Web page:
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As our world descends into a chaotic shadow of its former moral self, I have been thinking about finding a way out of this maze of cancel culture, identity politics, sexual dysphoria and narcissistic  self gratification. Our governments are herding us into lockdown, exile and social isolation whilst assuring us that it is for our own. good. So many people are happy to receive an unemployment payment, sit home and take selfies - as long as there is food and drink and a roof over their heads. 

Yet the sage words of John Steinbeck and John Calhoun are increasingly in my thoughts these days. Will we ever find our way out of this maze?

“A guy needs somebody―to be near him. A guy goes nuts if he ain't got nobody. Don't make no difference who the guy is, long's he's with you. I tell ya, I tell ya a guy gets too lonely an' he gets sick.”

So said John Steinbeck in his incredible novel " Of Mice and Men " back in 1937.

He also said 

 “Maybe ever’body in the whole damn world is scared of each other.”

What prophetic words. 18 months of social distancing, lockdowns and fear have made us sick. Sicker than if we had had the virus. It seems to me that the real virus is fear, apathy, social isolation and the shift in societal values.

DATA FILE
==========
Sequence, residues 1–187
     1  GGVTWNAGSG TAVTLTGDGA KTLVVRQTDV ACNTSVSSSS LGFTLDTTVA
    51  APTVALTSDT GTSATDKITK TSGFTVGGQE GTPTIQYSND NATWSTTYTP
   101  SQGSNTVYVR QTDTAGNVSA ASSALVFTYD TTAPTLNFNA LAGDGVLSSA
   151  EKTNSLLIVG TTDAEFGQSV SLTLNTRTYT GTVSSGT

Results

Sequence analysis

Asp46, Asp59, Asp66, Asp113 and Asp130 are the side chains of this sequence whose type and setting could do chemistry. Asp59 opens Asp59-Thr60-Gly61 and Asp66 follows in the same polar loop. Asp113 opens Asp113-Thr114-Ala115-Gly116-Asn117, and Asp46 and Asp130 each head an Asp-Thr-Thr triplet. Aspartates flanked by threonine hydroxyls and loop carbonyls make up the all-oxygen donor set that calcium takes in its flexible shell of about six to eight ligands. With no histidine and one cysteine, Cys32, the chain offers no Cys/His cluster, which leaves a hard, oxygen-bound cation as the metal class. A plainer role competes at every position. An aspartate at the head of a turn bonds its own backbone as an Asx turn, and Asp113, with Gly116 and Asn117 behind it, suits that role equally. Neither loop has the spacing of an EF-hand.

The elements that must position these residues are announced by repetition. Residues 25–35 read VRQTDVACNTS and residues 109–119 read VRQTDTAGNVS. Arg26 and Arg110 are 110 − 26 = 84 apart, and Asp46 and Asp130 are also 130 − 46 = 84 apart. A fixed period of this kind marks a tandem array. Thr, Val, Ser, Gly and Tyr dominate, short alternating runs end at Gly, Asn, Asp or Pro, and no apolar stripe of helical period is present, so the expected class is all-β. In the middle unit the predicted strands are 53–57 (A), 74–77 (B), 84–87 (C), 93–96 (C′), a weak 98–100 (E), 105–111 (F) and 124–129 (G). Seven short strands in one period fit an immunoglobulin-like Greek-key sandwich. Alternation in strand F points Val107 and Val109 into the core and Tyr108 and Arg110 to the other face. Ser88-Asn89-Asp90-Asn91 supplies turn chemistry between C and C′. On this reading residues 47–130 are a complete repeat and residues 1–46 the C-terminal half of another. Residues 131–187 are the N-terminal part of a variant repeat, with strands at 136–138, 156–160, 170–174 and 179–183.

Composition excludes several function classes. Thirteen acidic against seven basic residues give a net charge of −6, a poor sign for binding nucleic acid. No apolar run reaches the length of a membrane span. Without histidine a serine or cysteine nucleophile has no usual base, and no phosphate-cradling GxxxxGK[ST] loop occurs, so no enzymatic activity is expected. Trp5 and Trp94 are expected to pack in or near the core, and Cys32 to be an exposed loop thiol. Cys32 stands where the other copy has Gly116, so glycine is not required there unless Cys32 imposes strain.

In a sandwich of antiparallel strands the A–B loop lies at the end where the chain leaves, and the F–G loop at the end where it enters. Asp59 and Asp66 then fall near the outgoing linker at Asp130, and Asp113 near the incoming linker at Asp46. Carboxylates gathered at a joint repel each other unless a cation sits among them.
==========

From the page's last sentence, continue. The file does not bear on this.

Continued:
Let us get back to the basics. The joy of a good book; a piece of music, a bird captured only in a photograph and a meal well cooked.  Let us learn from what is wrong and make it right. Let us rejoice in a life well lived and embrace that which we hold dear and know to be dear. Above all, let us get back to LIFE as we have known it. 

 

Yet I cannot help but wonder if our governments have other thoughts for us. Some sort of experiment to see how far we can be pushed as mankind until we are turned into mice.  

I recently pondered this after reading about the other John, an American ethologist and behavioral researcher from the 50's and on.... a man who looked to mice in order to understand men. And by men I mean mankind in its accepted sense, not the one that so many now deride and treat as an insult.

Which brings me to my latest ponderings about mice. men, society and the whole mess that we currently call our world. 

And to old mate Robbie Burns who said:

The best laid schemes o’ Mice an’ Men
Gang aft agley,
An’ lea’e us nought..

  
 
In modern " Monty " speak, it doesn't matter how carefully you plan, things can go bugger up.
And man oh man, have things gone bugger up and we need to set things straight.
 
 
America had a man in the Whitehouse. They now have a mouse ... or maybe a rat. 
 
" Mice and Men " is a tale of foreboding and just as relevant today as it was back 90 odd years ago when it was penned.

And The " Paradise of Mice " from 70 about years ago is just as ominous.

So come down the maze with me and learn about  Mice and Men, warnings and portents for the future.